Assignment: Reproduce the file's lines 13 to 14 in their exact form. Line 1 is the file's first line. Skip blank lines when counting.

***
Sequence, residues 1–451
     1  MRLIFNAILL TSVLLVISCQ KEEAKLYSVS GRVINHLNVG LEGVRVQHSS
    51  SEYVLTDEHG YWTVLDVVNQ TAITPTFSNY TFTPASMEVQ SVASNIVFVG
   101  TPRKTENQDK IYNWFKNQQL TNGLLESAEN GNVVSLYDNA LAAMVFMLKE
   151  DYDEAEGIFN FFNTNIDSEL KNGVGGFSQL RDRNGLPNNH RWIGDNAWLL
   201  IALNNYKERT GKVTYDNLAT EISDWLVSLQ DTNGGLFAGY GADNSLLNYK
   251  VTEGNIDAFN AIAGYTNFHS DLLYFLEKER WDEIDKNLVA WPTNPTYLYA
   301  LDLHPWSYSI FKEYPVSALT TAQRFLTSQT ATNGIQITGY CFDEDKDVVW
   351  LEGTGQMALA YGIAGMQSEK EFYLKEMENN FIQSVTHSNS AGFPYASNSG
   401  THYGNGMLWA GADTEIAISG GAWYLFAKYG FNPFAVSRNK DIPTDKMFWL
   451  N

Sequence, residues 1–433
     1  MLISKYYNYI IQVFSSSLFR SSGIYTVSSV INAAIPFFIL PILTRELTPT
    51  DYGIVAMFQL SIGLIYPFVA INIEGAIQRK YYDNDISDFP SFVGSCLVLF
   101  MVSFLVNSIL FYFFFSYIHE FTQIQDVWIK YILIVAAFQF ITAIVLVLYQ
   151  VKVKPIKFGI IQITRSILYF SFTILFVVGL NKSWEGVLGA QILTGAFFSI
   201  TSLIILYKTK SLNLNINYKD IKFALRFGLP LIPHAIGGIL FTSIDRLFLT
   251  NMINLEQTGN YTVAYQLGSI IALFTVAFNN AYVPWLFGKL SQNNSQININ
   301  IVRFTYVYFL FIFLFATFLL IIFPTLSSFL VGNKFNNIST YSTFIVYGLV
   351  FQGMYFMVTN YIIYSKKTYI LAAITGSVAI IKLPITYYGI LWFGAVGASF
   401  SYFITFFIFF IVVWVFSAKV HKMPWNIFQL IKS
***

     1  MLISKYYNYI IQVFSSSLFR SSGIYTVSSV INAAIPFFIL PILTRELTPT
    51  DYGIVAMFQL SIGLIYPFVA INIEGAIQRK YYDNDISDFP SFVGSCLVLF